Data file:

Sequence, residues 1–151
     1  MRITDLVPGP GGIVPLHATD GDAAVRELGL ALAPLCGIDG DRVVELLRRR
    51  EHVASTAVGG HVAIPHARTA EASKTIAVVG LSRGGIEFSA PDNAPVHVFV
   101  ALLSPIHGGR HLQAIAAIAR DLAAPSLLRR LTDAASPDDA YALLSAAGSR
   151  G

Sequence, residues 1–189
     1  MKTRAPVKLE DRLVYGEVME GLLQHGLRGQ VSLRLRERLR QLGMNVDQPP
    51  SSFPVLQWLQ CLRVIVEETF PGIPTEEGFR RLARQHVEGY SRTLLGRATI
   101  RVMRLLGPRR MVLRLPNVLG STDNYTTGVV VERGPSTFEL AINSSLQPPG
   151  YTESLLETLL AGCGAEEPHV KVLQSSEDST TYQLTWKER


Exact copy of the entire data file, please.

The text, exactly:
Sequence, residues 1–151
     1  MRITDLVPGP GGIVPLHATD GDAAVRELGL ALAPLCGIDG DRVVELLRRR
    51  EHVASTAVGG HVAIPHARTA EASKTIAVVG LSRGGIEFSA PDNAPVHVFV
   101  ALLSPIHGGR HLQAIAAIAR DLAAPSLLRR LTDAASPDDA YALLSAAGSR
   151  G

Sequence, residues 1–189
     1  MKTRAPVKLE DRLVYGEVME GLLQHGLRGQ VSLRLRERLR QLGMNVDQPP
    51  SSFPVLQWLQ CLRVIVEETF PGIPTEEGFR RLARQHVEGY SRTLLGRATI
   101  RVMRLLGPRR MVLRLPNVLG STDNYTTGVV VERGPSTFEL AINSSLQPPG
   151  YTESLLETLL AGCGAEEPHV KVLQSSEDST TYQLTWKER